cpogovlogo2.gif - 3414 Bytes How a bill becomes a law
(Or Civics 101) but something we need to know!

1. The Bill Is Introduced
.. The presiding officer calls for the introduction of bills.
Bills also may be pre-filed.
.. The representative introduces the bill
.. The bill is assigned a number and read the first time.

2. The Bill Goes to Committee
.. The bill is read a second time and sent to committee.
.. The committee holds hearings.
.. The committee votes: a) do pass, b) do not pass, c) without recommendations, d) do pass with amendment, e) draft a substitute bill and return it to the House or f) it takes no action. When a bill is reported "do pass" or "without recommendation" it is placed on the calendar.

3. The House Votes
.. On perfection, debate takes place. Committee members all have the right to make speeches and offer amendments. At this time a bill may be a) postponed, b) passed, c) defeated, d) amended and passed, e) amended and defeats or f) tabled and postponed indefinitely.
.. To perfect a bill a majority vote of those present and voting is required, a quorum being present.

4. Debate on the Bill
..Third reading and final passage by the House.
The bill is not subject to amendment at this point.

5. The Bill Goes to the Senate
.. The bill goes to the Senate for first reading.
.. Second reading and referral to Senate committee.
.. Senate committee holds public hearings. (Be there if you can!)
.. The Senate committee reports on the bill.
(Process in step 2 is repeated.)
.. Third reading and final passage of the Senate.
.. Conference committee irons out House and Senate differences.

6. The Bill Goes to the Governor
.. Speaker of the House and President of the Senate sign bill.
.. The bill goes to the governor for his consideration and signature.
The governor has 15 days to consider a bill and then returns it to the house of its origin with his approval or objections. If the bill is approved, it becomes state law.


If you've ever wondered if writing to legislators is worth the trouble, the answer is a resounding YES!

Content: Rule number one when writing a legislator is to write your legislator. As a constituent, you carry more clout than any other concerned citizen.

Limit your comments to one issue, and be as specific as possible. List the bill's title, popular name and sponsor. Don't write a legislator urging him to support his own bill. That's just a waste of time and it's insulting.

Style: How an opinion is phrased can be as important as what is said. Keep the tone of your letter courteous and professional. Legislators want your opinion, but threatening of emotional language can do your cause more harm than good.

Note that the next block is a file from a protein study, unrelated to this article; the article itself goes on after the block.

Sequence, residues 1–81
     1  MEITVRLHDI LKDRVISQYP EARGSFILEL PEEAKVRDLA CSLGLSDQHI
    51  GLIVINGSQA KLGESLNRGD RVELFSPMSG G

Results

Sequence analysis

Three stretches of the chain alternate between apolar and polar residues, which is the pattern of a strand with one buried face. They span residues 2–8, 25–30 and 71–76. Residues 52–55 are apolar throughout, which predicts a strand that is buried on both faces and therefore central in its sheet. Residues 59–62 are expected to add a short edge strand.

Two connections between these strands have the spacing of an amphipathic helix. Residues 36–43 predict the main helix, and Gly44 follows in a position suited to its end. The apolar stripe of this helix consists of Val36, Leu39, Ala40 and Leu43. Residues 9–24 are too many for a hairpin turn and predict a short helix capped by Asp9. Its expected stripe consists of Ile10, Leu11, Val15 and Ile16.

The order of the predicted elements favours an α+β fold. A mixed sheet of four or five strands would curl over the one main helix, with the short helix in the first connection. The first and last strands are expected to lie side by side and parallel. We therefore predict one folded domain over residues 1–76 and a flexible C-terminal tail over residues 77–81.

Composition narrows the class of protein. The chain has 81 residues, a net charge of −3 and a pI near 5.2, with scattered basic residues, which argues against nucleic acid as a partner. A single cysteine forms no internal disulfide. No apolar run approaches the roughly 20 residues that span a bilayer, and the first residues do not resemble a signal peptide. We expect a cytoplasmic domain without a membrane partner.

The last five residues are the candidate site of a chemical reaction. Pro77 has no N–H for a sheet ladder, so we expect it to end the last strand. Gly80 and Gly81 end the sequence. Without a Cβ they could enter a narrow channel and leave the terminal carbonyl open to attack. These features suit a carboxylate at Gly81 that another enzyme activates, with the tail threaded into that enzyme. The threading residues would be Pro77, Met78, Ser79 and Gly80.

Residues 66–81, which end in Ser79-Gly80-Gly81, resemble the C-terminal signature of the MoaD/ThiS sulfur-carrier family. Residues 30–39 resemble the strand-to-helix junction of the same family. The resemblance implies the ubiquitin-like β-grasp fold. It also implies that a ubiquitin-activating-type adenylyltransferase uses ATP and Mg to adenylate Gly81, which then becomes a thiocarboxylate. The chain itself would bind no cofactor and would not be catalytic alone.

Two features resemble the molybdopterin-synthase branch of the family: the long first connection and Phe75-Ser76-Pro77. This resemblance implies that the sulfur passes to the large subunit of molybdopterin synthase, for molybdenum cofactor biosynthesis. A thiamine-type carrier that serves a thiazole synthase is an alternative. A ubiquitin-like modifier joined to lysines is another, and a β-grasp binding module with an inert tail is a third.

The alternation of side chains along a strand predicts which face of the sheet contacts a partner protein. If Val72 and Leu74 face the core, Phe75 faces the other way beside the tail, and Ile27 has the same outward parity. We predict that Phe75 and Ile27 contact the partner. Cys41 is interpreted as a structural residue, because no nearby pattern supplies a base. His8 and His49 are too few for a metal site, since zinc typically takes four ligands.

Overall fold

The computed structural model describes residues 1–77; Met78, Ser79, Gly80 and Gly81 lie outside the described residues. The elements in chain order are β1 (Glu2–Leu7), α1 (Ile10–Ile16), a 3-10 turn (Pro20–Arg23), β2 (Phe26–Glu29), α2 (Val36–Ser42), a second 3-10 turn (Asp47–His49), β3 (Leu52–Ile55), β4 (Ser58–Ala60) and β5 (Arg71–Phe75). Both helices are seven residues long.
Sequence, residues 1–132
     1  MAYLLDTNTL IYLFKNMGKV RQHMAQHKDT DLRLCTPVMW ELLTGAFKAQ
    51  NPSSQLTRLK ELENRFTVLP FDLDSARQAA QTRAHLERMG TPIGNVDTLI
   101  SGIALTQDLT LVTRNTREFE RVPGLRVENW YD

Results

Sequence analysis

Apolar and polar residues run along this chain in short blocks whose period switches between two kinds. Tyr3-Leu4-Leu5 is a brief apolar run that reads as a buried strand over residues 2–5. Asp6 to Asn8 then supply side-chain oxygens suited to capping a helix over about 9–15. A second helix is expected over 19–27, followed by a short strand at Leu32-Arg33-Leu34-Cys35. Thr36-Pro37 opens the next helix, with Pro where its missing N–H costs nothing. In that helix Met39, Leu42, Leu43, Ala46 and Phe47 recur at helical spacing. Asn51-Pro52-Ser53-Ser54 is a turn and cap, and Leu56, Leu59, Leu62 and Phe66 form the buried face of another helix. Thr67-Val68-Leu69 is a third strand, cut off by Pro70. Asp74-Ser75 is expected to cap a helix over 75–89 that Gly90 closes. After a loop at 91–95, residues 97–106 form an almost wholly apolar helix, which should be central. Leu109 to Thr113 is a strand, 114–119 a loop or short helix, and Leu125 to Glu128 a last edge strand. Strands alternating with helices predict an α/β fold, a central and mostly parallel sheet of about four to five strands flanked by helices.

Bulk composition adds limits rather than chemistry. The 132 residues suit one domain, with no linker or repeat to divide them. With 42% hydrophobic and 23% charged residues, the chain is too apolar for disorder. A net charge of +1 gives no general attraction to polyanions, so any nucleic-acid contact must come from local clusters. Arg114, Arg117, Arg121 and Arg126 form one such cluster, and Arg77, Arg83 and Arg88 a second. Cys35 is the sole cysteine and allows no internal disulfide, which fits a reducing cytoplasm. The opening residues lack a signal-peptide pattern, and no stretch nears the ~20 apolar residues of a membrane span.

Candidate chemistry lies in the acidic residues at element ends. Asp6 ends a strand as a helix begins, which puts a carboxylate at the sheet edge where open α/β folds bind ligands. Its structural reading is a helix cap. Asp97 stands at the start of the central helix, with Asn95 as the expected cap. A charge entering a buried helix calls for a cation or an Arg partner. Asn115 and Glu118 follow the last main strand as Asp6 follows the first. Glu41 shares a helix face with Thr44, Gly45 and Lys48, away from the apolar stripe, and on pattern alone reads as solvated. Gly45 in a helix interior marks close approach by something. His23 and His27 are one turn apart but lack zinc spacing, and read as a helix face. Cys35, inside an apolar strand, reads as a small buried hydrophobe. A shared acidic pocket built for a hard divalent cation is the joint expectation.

If you are authorized to speak for a group, use the organization's stationary, otherwise write on plain or personal stationary. Avoid form letters or mimeographed materials. Let your legislator know you can think for yourself.

All legislators are addressed as "The Honorable" on the envelope and inside address. In the salutation or greeting, all representatives are "Dear Representative" and senators are "Dear Senator". Use your legislator's full name, spelled correctly. (Your county courthouse can supply you with a list of the names, addresses, and political affiliation.)

Timing: Send your message early, preferably before a bill is out of committee.

Follow up: Don't just write once if you have a concern. Your second correspondence might be a note of appreciation or a letter concerning another bill. A constant barrage of communication is ill-advised. Six or more letters each session will put you in the "constant correspondent" category. One thoughtful, well written letter on an important issue, plus a note of thanks for a favorable vote will make you an effective grassroots lobbyist. While this may seem elementary, it is the kind of thing that probably didn't seem at all important when it was covered in class.

These notes are taken from a presentation made to an eighth grade class. Since it's been a long time since we've been in eighth grade, I thought that a refresher might be good for us. We do need to stay in touch with those who represent us in the legislature. They, in turn, appreciate our input. If we don't contribute, do we have a right to complain after the fact?

For names and addressed of your representatives, call the local library, your county courthouse, or go to any city hall. (You can also get the information you need in the Government Section of ComPortOne!) All sources should be able to provide you with the appropriate names, addresses, phone numbers and fax numbers that you should use.

Remember, if it is in writing, it carries more weight.
One hand written note is worth 1000 copied sheets all alike!

Written by:
JoAnn Lawson c/o Metro-East Landlords Update
PO Box 122 Columbia IL

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